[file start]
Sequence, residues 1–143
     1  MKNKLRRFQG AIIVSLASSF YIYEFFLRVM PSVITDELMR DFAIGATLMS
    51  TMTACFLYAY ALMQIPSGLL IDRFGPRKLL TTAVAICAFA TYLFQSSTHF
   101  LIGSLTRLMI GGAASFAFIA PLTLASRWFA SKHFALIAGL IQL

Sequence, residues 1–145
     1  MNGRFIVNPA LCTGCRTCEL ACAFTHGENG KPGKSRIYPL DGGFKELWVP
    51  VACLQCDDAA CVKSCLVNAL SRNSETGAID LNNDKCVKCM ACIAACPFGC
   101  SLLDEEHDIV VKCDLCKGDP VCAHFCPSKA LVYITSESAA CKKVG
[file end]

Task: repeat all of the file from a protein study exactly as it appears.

Sequence, residues 1–143
     1  MKNKLRRFQG AIIVSLASSF YIYEFFLRVM PSVITDELMR DFAIGATLMS
    51  TMTACFLYAY ALMQIPSGLL IDRFGPRKLL TTAVAICAFA TYLFQSSTHF
   101  LIGSLTRLMI GGAASFAFIA PLTLASRWFA SKHFALIAGL IQL

Sequence, residues 1–145
     1  MNGRFIVNPA LCTGCRTCEL ACAFTHGENG KPGKSRIYPL DGGFKELWVP
    51  VACLQCDDAA CVKSCLVNAL SRNSETGAID LNNDKCVKCM ACIAACPFGC
   101  SLLDEEHDIV VKCDLCKGDP VCAHFCPSKA LVYITSESAA CKKVG